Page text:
SkyOS Beta8 was released to testers about week ago to the beta testers, this release focusing on the new networking abilities, the new ISS, and of course the latest patches and programs. I decided to write a quick overview of it, to better expose SkyOS from just an average users point of view.
Before I begin my overview of beta8, I want to brush on some of the new features and goals of this beta, and the new components that came with it.Beta8, in the SkyOS community, is known as the “Networking Beta.” With this release, networking has been re-enabled once again and is ready for testing along with the Links Browser (While SkyKruzer is being worked on). Some notable additions for this release are the new developer tools (GCC 3.4, Binutils, Python), Integrated Streaming System (with added video support and some new features), and the numerous bug fixes and other small features.
I began my adventure by downloading the newly released 212mb Beta8 CD from the SkyOS website and burning it onto a CD.I decided I was going to install it not only onto VirtualPC (for the convenience and ability to capture screenshots), but also attempt to install it on my IBM Laptop, HP Desktop and ancient Sony Desktop. Here are the basic specs for
The IBM Laptop
- 800 MHz Celeron
- 128 MB Ram
- 11g HD
The HP Desktop
- 1.1 GHz Celeron
- 246 MB Ram
- 20g HD
The Sony Desktop
- 238 MHz PIII
- 64Mb Ram
- 3.8g HD
On the two desktop machines I was not able to complete the installation successfully.With the HP, the installer froze before it even started, right after I selected SkyOS from the GRUB menu.After some tinkering with it I gave up and moved onto the Sony machine. With the Sony, the installation would work perfectly until the copying of the files to the HD.Right as it began to copy it would bring up an error telling me that base.pkg couldn’t be copied because the Installation Information was not there. I found this weird because my install on my laptop went fine, and I was using the same CD for both. I submitted the bug to the bug tracker, and am awaiting the response. When installing on the laptop though, I was able to get everything to run smoothly.
I inserted my freshly burned CD and successfully booted into the SkyOS installer via GRUB.After moving easily through the first few setup screens I was prompted to partition the HD.The graphical partition program included is simple and effective, and within seconds I had deleted my windows NTFS partition and created a new SkyFS one. My only complaint was that I couldn’t get it to expand to the full 11 GB, it insisted that I could use only 3.3 maximum. This may have just been my error, and if not I’m sure Robert will be swift in creating a patch for this. I was forced to reboot after this, and continued with my installation. At the next step I was allowed to choose which applications to include. I left it with all the apps selected, and it began to install the packages.All the files were copied successfully, albeit a bit slowly, and I was ready to begin.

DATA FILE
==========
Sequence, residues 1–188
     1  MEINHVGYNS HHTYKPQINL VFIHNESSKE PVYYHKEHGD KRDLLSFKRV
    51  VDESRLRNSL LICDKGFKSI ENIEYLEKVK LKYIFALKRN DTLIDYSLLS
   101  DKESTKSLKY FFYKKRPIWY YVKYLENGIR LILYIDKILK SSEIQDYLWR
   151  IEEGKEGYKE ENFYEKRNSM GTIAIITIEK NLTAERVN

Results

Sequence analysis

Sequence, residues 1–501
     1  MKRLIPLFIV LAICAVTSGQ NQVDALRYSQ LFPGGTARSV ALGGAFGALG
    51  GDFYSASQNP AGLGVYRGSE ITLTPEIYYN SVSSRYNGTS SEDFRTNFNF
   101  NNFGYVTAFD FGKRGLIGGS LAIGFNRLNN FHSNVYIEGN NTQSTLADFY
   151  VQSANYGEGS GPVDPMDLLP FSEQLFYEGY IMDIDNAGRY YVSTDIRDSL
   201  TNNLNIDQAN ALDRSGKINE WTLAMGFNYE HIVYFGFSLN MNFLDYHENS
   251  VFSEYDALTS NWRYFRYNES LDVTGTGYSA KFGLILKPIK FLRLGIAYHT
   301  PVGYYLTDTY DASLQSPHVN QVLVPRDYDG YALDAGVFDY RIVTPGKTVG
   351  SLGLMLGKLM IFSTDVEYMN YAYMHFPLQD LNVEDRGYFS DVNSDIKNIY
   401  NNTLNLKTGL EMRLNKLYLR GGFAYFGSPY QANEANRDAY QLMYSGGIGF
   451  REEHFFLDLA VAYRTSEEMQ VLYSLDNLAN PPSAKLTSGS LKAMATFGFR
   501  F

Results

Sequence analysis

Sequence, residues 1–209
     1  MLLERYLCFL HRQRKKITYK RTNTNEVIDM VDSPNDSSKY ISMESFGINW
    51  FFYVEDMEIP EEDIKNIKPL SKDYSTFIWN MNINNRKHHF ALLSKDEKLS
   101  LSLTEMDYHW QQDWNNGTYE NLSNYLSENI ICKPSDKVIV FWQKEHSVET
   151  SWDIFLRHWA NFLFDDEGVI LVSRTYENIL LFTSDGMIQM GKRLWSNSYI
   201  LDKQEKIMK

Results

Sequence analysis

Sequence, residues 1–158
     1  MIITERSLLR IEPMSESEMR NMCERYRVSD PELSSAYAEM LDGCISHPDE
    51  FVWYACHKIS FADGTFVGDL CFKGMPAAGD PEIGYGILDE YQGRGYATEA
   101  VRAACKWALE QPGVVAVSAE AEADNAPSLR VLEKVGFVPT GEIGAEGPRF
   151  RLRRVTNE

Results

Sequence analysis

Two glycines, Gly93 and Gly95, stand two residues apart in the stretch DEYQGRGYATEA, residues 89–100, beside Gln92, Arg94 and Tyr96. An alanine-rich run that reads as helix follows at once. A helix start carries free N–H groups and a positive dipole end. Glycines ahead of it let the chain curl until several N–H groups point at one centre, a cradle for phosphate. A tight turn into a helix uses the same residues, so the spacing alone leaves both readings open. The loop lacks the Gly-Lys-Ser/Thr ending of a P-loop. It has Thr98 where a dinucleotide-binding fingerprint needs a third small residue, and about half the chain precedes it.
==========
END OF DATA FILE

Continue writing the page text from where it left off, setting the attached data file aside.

The SkyOS boot is smooth and easy, and the only “ugly” underlying code you have to look at is the GRUB boot loader. I was greeted by a simple and professional login screen with two automatically created accounts, Test and Admin. The install hadn’t given me an option to create my own username and password, so I just clicked Admin and then login (no password was required).From there, the default desktop loaded instantly, and I was ready to go.
On the first boot, a notification window slid up and told me my USB port was recognized, but the USB functionality has been disabled until beta9 so Robert can focus on the networking issues.
My sound card is not supported, so I was not allowed to use the MP3 player or Media player in this version. Just for kicks I inserted a Dashboard Confessionals CD I owned and attempted to mount it, but was given a message about an “IO error.” Lesson: no matter how nice the new ISS is, a good portion of users aren’t going to be able to use it if there aren’t more sound card drivers included by the final.
I was glad to see that my ATI Rage graphic card was supported in SkyOS, so soon after booting into it I opened the Display
configuration center and tried to switch from the VESA 2.0 driver to the ATI one.Unfortunately, when I tried this I would either have the screen flicker for a few seconds and return to the VESA driver, or have the whole OS freeze as I clicked apply settings. So to my dismay I was forced to use the VESA driver, and wait until my submitted bug was fixed.